|Chief Justice of the Kentucky Court of Appeals|
|Preceded by||Harry Innes|
|Succeeded by||Thomas Todd|
|Chief Justice of the District Court of Kentucky|
|Preceded by||Cyrus Griffin|
|Succeeded by||Court dissolved|
|Born||Madison County, Virginia|
|Religion||German Reformed Church|
Early life and military career
During the Revolutionary War, Muter served as Virginia's Commissioner of the War Office. In March 1781, Friedrich Wilhelm von Steuben charged that Muter was responsible for inadequate availability of weapons and ammunition in the state. Muter learned of the charges before von Steuben brought them before the House of Burgesses and asked Governor Thomas Jefferson for a full investigation to clear his name. Jefferson expressed confidence in Muter, but the March 20 report of a special committee appointed by the House of Burgesses charged that Muter was not qualified to fill the position and ought to be removed from office. Muter resigned two days after the report was delivered. Thomas Speed also records that he was commander aboard a ship of war and attained the rank of colonel.
Relocation to Kentucky
It is likely that Muter came to Kentucky in 1784. The Virginia legislature had appointed him to the district court of Kentucky in 1783, but did not assume the post until 1785. The court first convened in Harrodsburg, but was moved to Danville in 1783. On November 15, Muter succeeded Cyrus Griffin as chief justice of the court.
Muter was a member of the German Reformed Church in Lexington, Kentucky. He was also the first president of the Caledonian Society, a nod to his Scottish heritage on his mother's side. He was one of the first trustees of Transylvania Seminary, which would eventually merge with Kentucky University to become Transylvania University. He was also named a trustee of the city of Danville in 1787.
In 1786, Muter was invited to become a member of the Danville Political Club, a debating society that also included Samuel McDowell and Harry Innes. He was accepted as a member on the motion of John Belli on February 17, 1787; the vote was unanimous. An undated note in the Club's records show that, even after Muter removed from Danville, the Club retained him as a member.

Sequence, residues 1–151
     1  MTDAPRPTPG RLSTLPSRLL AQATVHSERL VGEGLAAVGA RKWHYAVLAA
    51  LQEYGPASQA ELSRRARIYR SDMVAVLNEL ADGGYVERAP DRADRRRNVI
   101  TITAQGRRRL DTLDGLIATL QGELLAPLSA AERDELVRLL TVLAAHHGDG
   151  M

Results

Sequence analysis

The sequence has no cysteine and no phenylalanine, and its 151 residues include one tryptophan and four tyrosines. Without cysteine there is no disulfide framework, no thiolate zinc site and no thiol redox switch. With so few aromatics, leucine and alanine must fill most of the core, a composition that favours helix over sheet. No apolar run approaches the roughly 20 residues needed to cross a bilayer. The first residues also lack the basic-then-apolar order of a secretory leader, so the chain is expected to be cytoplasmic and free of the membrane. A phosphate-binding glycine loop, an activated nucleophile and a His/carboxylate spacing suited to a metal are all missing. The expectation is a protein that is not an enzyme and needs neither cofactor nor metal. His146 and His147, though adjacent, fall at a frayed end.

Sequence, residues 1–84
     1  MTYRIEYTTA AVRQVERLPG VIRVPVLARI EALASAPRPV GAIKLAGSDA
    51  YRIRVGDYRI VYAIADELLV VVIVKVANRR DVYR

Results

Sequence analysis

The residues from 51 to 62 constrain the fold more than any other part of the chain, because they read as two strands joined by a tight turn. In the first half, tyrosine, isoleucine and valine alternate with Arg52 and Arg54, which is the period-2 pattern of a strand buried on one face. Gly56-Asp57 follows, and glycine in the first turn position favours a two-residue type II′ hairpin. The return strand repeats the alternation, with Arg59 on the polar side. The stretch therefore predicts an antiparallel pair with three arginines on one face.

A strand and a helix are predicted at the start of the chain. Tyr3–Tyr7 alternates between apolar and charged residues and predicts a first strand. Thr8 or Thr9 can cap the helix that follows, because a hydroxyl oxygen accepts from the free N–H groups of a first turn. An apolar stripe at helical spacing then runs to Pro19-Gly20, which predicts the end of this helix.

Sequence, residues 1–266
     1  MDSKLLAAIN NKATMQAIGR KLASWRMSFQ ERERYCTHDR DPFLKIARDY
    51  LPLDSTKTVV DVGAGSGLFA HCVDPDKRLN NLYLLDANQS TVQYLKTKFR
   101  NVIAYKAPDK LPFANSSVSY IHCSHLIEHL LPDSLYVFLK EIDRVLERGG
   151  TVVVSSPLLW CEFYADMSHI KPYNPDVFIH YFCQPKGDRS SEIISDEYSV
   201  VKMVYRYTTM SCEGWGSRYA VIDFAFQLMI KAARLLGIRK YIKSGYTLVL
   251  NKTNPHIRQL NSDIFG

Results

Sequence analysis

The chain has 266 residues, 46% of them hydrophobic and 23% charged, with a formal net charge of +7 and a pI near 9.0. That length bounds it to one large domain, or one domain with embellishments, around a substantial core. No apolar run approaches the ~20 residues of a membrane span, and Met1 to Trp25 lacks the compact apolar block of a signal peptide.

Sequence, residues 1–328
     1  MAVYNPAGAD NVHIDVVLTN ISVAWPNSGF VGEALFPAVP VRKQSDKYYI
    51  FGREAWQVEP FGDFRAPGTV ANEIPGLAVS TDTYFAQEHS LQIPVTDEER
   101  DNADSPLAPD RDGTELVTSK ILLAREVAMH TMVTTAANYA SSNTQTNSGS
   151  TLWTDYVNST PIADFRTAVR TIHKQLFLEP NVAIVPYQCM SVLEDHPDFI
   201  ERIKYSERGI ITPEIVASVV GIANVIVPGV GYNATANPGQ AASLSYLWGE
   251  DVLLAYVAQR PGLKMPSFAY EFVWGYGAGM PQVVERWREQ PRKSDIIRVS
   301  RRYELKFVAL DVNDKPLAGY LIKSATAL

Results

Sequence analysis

From 1785 to 1792, Muter was a delegate to all ten conventions called for the purpose of framing the first Kentucky Constitution. In 1785, he and Harry Innes were chosen to carry a petition for statehood to the Virginia legislature.
When Kentucky achieved statehood in 1792, Muter was chosen as an elector to choose the state's governor and senators. The district court for Kentucky district was dissolved, and the Kentucky Court of Appeals was organized to replace it as the first court of last resort for the state. Muter's fellow district court judges, Caleb Wallace and Benjamin Sebastian, were immediately elevated to the court, but attorney general Harry Innes was elevated to chief justice instead of Muter. However, Innes was chosen by President George Washington as chief justice of the new U.S. district court for Kentucky; Innes immediately resigned to accept this position. The legislature chose Muter to replace Innes, who never presided over the court.
Muter presided over a meeting held in Lexington on May 24, 1794 for the purpose of addressing trade on the Mississippi River. The delegates to the meeting concluded that it was the duty of the United States Congress to secure free trade on the Mississippi from the Spanish, even if it meant the use of force.
In 1795, Muter and Sebastian rendered a decision against Kentucky pioneer Simon Kenton in a land title case. The decision was very unpopular with the people of Kentucky, and in December 1795, they petitioned the legislature to remove the two justices. The legislature failed to produce the two-thirds majority needed to remove the justices, but they were sternly rebuked. In May 1796, Muter joined with Caleb Wallace to express an opinion opposite his unpopular decision in October.
In 1806, Muter was pressured to retire from the bench, which he did on the condition that he would be paid a pension of three hundred dollars per year. The next legislature, however, repealed the pension. Governor Christopher Greenup, a past associate of Muter's, vetoed the repeal, but his veto was overridden. Because Muter had no family, his friend and fellow justice Thomas Todd invited Muter to live with him. In Muter's will, he left his entire estate to Todd.
- Faust, p. 378
- Ammunition Supply In Revolutionary Virginia
- Speed, p. 48
- Whitsett, p. 109
- Levin, p. 62
- Faust, p. 379
- Speed, p. 167
- Speed, p. 101
- Speed, pp. 118, 121
- Speed, p. 75
- Speed, p. 49
- Whitsett, p. 136
- Whitsett, p. 137
- Whitsett, p. 138
- Whitsett, p. 139
- Speed, pp. 49–50
- Speed, p. 50
- "Ammunition Supply In Revolutionary Virginia; Part 3". The Blackpowder Journal. 2 (4). August–September 1997. Retrieved 2008-12-08.
- Faust, Albert Bernhardt (1909). The German Element in the United States with Special Reference to Its Political, Moral, Social, and Educational Influence. Houghton Mifflin Company. ISBN 0-8063-4531-4. Retrieved 2008-12-08.
- Levin, H. (1897). Lawyers and Lawmakers of Kentucky. Lewis Publishing Company. Retrieved 2008-12-08.
- Speed, Thomas (1894). The Political Club, Danville, Kentucky, 1786–1790. John P. Morton. Retrieved 2008-12-02.
- Whitsett, William Heth (1888). Life and Times of Judge Caleb Wallace. J.P. Morton. Retrieved 2008-12-08.
- Brown, John Mason (1889). Political beginnings of Kentucky : a narrative of public events bearing on the history of that state up to the time of its admission into the American Union. J.P. Morton. Retrieved 2008-12-09.
- Quisenberry, Anderson Chenault (1892). Life and times of Hon. Humphrey Marshall. Sun Publishing. Retrieved 2008-12-09.